Hendrik flash talk metadata creation 2010 05-19

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  • Given the significant disparity between the two approaches, one is tempted to conclude that only a combination of both concepts is suitable for the needs of digital libraries. A flexible and detailed indexing is required to make all available information accessible for the user. Additional appropriate control methods are necessary to ensure the highest possible indexing quality. Overall a digital library has the responsibly to provide at least the same quality as we expected from traditional libraries.
  • Hendrik flash talk metadata creation 2010 05-19

    1. 1. 1. Manual Contextual Indexing – Overview <ul><li>Objective: construct a surrogate of a content subject by assigning index terms like subject headings to a information resource </li></ul><ul><li>Indexing Process (according to Lancaster) : </li></ul><ul><ul><li>conceptual analysis deciding on what a resource is about = identify the content subjects  depends on the needs and interests of the indexing person </li></ul></ul><ul><ul><li>translation finding an appropriate set of index terms that represents the results of the conceptual analysis  users have to predict the assigned index terms </li></ul></ul>
    2. 2. 2. Manual Contextual Indexing – Expert Indexing <ul><li>Performed by domain experts </li></ul><ul><li>Controlled Vocabulary (to avoid inconsistent representations of subjects) </li></ul><ul><ul><li>Library of Congress Subject Headings (LCSH) </li></ul></ul><ul><ul><li>Medical Subject Headings (MeSH) </li></ul></ul><ul><li>Requirement: </li></ul><ul><li>1.) Must choose the index terms which fits best to represent the content subject (C. A. Cutter) </li></ul><ul><li>2.) Must adopt a neutral stand between the reader and the document  emphasis to what the author intended to describe rather than to his own view </li></ul>Pro: clear and unambiguous translation of the content subjects Contra: time-consuming task + requires vast background knowledge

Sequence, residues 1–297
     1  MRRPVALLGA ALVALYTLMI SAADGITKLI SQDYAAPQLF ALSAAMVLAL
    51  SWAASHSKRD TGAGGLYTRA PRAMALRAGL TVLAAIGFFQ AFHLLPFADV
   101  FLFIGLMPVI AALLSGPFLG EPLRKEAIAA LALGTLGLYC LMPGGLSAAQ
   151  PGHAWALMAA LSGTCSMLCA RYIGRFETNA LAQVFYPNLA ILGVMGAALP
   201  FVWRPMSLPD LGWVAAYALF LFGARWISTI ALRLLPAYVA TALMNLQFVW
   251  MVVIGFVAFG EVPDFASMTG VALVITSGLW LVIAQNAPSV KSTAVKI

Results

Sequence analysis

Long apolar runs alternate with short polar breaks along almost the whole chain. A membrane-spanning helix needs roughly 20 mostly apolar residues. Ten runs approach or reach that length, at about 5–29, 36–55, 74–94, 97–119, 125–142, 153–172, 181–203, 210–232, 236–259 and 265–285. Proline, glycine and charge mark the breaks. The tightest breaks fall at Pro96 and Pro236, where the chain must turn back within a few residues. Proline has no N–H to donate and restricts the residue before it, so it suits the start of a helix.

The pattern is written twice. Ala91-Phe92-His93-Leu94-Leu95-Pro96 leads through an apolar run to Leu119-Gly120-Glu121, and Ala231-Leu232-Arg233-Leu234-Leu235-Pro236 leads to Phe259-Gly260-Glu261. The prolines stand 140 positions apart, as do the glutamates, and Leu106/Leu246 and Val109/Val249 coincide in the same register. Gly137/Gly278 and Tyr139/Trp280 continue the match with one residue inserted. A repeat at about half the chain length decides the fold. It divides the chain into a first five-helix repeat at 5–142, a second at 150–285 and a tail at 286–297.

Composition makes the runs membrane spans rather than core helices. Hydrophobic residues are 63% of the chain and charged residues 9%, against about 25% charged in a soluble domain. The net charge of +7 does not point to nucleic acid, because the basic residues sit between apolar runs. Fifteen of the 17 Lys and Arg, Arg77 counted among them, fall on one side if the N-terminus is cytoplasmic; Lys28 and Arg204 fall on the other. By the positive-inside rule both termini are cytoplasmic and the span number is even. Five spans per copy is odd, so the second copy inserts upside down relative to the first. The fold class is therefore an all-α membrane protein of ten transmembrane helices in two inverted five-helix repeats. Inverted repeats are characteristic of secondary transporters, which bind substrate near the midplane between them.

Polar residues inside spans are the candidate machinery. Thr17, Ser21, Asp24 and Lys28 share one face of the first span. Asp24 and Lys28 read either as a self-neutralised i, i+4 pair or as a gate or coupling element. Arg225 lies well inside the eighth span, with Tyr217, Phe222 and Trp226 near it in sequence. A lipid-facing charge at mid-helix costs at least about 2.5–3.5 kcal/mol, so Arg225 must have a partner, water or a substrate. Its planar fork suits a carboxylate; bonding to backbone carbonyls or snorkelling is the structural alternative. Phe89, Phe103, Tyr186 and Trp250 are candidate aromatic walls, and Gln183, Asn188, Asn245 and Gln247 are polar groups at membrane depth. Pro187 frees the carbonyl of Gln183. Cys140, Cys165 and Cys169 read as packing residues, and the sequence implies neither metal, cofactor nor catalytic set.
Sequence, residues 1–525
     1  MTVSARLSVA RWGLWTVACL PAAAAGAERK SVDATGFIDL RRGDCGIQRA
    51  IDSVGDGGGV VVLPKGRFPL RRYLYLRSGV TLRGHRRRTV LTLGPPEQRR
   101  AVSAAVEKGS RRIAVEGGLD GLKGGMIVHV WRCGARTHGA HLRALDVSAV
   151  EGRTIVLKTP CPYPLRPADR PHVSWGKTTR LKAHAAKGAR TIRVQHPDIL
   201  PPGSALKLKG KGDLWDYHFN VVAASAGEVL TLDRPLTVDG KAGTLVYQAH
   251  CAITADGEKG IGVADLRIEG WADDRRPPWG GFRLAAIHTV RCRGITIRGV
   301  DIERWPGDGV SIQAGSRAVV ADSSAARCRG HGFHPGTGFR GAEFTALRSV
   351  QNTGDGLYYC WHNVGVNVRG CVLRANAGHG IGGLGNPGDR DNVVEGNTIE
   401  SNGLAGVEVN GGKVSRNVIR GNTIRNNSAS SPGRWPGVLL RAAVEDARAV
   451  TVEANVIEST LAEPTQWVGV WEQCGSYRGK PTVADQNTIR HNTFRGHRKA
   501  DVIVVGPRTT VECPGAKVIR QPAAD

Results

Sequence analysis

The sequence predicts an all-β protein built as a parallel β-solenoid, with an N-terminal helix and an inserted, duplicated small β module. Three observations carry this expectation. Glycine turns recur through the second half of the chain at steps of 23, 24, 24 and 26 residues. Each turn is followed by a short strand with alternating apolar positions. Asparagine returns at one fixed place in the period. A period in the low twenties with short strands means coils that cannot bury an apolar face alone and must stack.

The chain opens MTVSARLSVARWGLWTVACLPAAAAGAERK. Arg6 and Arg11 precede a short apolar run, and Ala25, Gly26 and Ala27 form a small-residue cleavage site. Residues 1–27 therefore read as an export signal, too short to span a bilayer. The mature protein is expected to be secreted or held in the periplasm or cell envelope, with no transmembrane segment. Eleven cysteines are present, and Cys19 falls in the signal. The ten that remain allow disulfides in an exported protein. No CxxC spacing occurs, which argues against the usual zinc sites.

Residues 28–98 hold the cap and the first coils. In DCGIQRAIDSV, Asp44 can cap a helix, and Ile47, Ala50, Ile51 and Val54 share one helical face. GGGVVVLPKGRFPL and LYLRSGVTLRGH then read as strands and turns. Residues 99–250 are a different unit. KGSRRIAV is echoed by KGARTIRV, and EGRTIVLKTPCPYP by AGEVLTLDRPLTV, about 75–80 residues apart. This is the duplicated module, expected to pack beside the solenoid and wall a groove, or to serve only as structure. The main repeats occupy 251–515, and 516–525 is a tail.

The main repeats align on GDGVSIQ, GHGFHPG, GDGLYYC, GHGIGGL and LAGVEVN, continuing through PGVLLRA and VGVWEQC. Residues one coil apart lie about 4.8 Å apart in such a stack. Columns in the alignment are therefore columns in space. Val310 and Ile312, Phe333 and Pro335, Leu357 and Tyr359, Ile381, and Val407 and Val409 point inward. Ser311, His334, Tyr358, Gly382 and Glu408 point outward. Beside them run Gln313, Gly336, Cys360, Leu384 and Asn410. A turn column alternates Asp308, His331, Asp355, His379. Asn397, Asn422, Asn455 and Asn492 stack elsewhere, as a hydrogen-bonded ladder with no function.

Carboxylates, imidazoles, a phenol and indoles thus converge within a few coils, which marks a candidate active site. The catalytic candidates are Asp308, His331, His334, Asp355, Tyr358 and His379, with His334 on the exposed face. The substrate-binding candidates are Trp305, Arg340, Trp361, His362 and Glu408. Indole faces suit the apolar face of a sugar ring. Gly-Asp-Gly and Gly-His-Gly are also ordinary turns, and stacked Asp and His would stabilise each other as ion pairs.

3. 3. 3. Manual Contextual Indexing – Social Tagging <ul><li>renaissance of manual subject indexing in the Internet </li></ul><ul><li> social tagging, collaborative tagging, social indexing or folksonomy </li></ul><ul><li>indexing is conducted collaboratively by the end users  “simply creates and applies tags on the fly” </li></ul><ul><li>most important feature: social aspect: </li></ul><ul><ul><li>different linguistic and cultural backgrounds of the users </li></ul></ul><ul><ul><li>individual interpretations of the resources </li></ul></ul><ul><ul><li> danger of inconsistencies, because tags allow contradictions to exist </li></ul></ul><ul><ul><li> “ there are no facts, only interpretations” (Friedrich Nietzsche) </li></ul></ul>Pro: flexible and detailed indexing of digital resources Contra: unsystematic and problems “Meta Noise”
    4. 4. 4. Manual Contextual Indexing – Discussion <ul><li>Similarities between Expert Indexing and Social Tagging: </li></ul><ul><li>index terms are assigned manually to the information resource as a surrogate for the content subject </li></ul><ul><li>semantic interpretation of an index association “document contains information about a subject specified by the index term”  no other relation are possible by standard </li></ul>
    5. 5. 5. Manual Contextual Indexing – Discussion <ul><li>Dissimilarities between Expert Indexing and Social Tagging: </li></ul><ul><li>controlled vocabulary vs. natural language indexing  impossible to predict all valid interpretation (engineer, medical) </li></ul><ul><li>level of detail </li></ul><ul><li> DMG-Lib contains 1000 images and technical drawings, so every content portion has to be indexed </li></ul><ul><li>indexing quality of the two approaches </li></ul><ul><ul><li>quality is critical for digital libraries </li></ul></ul><ul><ul><li>typically no high numbers of users in digital libraries </li></ul></ul>Only a combination of both concept is suitable for digital repositories (detailed and flexible indexing in the highest possible quality)

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